UHP troopers sued for excessive force in traffic stop

Posted at 2:52 PM, Aug 31, 2012
and last updated 2012-09-01 00:47:21-04

OGDEN -- A man is suing the Utah Highway Patrol, accusing troopers of beating him during a traffic stop earlier this year.

R. Todd May filed the lawsuit in U.S. District Court on Friday against troopers Brandon Whitehead, Jared Patterson, Joshua Porter and E. Prescott, accusing them of excessive force. He is seeking more than $250,000 in damages.

In the lawsuit, May claims he was helping a woman with car trouble on July 9 when he was pulled over near 26th Street and Washington Boulevard for following too closely and running a red light at Wall Avenue. May claims the woman, who was a confidential informant for the Weber-Morgan Narcotics Strike Force, claimed he had drugs.

"May responded that he was on prescription methamphetamine," the lawsuit states.

After being ordered to remove his shoes, May said he took a pill that he kept there and popped it in his mouth. That's when troopers attacked him, he claims.

"Spit it out! Spit it out!" a trooper shouts on a dash cam video of the incident, released on Friday.

The trooper is seen on the tape punching May repeatedly. May's attorney, Robert Sykes, identified him as Brandon Whitehead. The lawsuit claims Whitehead punched May "seven or eight" times in the head. Trooper Jared Patterson is accused of using a Taser on May as his arms were held behind his back.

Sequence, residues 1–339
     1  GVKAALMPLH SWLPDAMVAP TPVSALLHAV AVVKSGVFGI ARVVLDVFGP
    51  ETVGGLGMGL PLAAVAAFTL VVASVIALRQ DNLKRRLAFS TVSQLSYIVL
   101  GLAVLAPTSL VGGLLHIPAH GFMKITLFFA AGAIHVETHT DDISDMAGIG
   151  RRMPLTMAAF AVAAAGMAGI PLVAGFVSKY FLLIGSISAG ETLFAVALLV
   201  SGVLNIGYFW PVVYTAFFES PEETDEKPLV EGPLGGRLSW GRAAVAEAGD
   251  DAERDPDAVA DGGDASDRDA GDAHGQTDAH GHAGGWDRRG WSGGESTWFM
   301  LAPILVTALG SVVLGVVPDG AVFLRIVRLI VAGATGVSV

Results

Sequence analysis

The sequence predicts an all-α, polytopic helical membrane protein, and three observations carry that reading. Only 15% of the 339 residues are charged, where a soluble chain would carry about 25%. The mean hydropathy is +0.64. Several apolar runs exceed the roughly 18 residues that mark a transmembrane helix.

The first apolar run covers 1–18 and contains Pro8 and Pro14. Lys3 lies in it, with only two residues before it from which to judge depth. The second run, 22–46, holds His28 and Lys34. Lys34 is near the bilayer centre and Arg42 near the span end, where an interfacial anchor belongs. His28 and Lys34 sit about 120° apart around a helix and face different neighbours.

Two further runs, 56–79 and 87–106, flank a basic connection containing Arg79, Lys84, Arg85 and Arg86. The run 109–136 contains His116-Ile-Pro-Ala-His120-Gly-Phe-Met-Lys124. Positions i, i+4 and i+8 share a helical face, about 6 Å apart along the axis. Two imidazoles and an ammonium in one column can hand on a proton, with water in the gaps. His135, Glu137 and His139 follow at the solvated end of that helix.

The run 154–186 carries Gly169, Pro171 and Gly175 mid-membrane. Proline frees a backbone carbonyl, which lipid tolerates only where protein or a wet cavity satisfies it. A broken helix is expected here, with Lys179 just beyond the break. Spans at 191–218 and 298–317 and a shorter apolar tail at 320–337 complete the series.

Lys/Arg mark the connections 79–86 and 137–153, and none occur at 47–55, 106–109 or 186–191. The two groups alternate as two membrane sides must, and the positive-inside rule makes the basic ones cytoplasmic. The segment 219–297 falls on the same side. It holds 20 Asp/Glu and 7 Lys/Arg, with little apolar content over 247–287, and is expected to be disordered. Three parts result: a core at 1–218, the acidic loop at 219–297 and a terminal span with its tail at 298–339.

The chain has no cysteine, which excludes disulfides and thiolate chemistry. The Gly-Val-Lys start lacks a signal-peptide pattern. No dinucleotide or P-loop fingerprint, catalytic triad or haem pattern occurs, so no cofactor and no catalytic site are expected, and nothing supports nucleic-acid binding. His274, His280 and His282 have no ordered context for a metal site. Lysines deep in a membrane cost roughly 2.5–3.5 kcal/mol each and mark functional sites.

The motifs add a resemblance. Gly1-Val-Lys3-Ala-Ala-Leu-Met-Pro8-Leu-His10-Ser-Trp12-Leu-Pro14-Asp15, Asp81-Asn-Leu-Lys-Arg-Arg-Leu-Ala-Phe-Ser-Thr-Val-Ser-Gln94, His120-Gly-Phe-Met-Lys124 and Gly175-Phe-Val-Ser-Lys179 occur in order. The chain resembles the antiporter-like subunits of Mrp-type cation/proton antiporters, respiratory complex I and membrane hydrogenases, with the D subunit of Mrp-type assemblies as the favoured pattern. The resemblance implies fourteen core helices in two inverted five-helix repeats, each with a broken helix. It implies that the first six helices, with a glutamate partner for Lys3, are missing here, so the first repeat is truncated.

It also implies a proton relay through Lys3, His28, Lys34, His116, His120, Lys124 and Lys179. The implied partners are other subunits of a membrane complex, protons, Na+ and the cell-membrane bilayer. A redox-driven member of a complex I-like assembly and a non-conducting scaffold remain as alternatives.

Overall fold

"I swallowed it and... they wouldn't quit Tasering me," May told reporters on Friday. "They wouldn't quit beating me."

The lawsuit claims the troopers ordered May to "stop resisting" during the course of the incident. May claims he was not resisting arrest.

"I actually thought for a minute there, I thought they were going to kill me," May said.

According to the lawsuit, May suffered a concussion, serious bruising and lacerations to his face and stun gun burns.

"You don't dogpile like a football game on somebody who's swallowed something. You look at the nature of the alleged crime. He was pulled over for at most a red light and following someone too closely. They put that in there. You don't savagely beat somebody for that," said Robert Sykes, May's attorney.

The Utah Highway Patrol on Friday declined comment on the lawsuit itself. An internal investigation into the complaint of excessive force is under way.

"Actions against Mr. May would be done criminally, and that's done through the Weber County Attorney," Department of Public Safety spokesman Dwayne Baird said. "We are looking at it internally. The Highway Patrol has a process in place and procedures to follow and we're doing that."

The UHP told FOX 13 the troopers all remain on duty.

WARNING: Video contains graphic content and language.